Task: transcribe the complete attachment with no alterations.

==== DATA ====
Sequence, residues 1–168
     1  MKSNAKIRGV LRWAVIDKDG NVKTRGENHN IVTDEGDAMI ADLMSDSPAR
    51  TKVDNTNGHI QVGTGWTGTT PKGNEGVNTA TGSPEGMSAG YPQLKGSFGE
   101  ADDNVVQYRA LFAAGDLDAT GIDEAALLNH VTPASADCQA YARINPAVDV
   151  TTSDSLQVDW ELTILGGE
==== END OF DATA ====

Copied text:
Sequence, residues 1–168
     1  MKSNAKIRGV LRWAVIDKDG NVKTRGENHN IVTDEGDAMI ADLMSDSPAR
    51  TKVDNTNGHI QVGTGWTGTT PKGNEGVNTA TGSPEGMSAG YPQLKGSFGE
   101  ADDNVVQYRA LFAAGDLDAT GIDEAALLNH VTPASADCQA YARINPAVDV
   151  TTSDSLQVDW ELTILGGE